AXS: So far, what has been the most rewarding thing about being involved in the theatre industry?
D.A.: Being creative–it’s the greatest joy. Whether as an actor, writer, composer, director, it’s the act of creativity that makes me most happy, feel most rewarded and it keeps me going.
AXS: Career wise, where do you hope to be in ten years?
D.A.: I hope to keep being creative, composing, writing, performing and doing work that continues to surprise me, push me into different areas, allowing me to evolve and grow as an artist, work I can continue to be proud of. And a wider audience for my work, well that would be really great too. “Speakeasy” will be showcased the February and March, and we look forward to putting on an exciting, successful show. And I certainly hope there will be opportunities for the musical to continue to evolve and that 10 years from now Speakeasy will still be enjoyed on stages all over.
AXS: Do you have any upcoming projects that you would like to mention?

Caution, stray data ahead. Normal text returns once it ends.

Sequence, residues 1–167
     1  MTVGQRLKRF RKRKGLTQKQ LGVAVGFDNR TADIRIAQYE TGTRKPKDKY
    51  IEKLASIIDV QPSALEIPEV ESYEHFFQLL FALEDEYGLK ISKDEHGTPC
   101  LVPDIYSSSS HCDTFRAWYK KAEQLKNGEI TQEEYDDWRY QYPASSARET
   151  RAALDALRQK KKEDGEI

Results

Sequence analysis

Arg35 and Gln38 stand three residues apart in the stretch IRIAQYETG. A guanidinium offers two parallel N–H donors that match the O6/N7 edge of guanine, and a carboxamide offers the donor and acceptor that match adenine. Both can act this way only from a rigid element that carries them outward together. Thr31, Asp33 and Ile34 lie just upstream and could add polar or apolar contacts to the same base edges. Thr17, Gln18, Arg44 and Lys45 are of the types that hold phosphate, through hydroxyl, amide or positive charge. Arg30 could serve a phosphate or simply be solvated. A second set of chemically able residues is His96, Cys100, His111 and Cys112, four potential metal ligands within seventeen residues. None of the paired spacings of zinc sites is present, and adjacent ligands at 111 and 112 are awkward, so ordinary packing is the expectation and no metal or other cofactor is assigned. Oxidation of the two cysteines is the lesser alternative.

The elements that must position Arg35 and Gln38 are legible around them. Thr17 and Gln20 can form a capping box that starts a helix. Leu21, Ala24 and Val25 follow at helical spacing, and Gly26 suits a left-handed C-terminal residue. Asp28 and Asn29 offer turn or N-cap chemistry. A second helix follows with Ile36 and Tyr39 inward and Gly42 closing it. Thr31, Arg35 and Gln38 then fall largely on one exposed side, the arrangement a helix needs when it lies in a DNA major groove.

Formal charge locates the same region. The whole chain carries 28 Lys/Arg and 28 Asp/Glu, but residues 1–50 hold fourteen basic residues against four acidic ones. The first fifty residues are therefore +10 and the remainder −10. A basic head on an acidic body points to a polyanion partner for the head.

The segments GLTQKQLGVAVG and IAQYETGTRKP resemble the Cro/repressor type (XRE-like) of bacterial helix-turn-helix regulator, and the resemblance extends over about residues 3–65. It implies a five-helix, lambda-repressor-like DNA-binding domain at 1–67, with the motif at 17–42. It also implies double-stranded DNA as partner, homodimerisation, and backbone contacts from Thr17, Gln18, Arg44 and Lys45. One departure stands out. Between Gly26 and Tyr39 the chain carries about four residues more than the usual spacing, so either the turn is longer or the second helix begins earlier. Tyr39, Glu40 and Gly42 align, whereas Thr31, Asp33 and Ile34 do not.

D.A.: Future musical efforts include a concept album “American Anthem” in collaboration with the jazz singer Jacqui Sutton, and the Mississippi set musical “Feed Store Quartet” in collaboration with the writer Jack Hilton Cunningham. I will also continue to post articles and excerpts about my previous musical efforts on my blog “Notes from a Composer”, which also features many articles about the history that inspired Speakeasy, as well as fun behind the scenes glimpses at the upcoming production at Theatre for the New City.
AXS: What advice would you give to someone who is aspiring to become a playwright and/or composer?
D.A.: Keep writing. Keep composing. Keep finding ways of doing the work and getting the work performed whether in workshops, festivals, readings, showcases or whatnot. You learn and grow first and foremost by doing the work and experiencing it performed. Also push yourself into new creative places by working in more than one form or genre, and by collaborating with a diverse group of other artists. Whether that creative dialog is happening in a classroom, a small theatre, or Broadway may make a huge material and public difference, but the importance and value of the creative dialog itself remains equally important and valuable no matter the arena.
* * * * *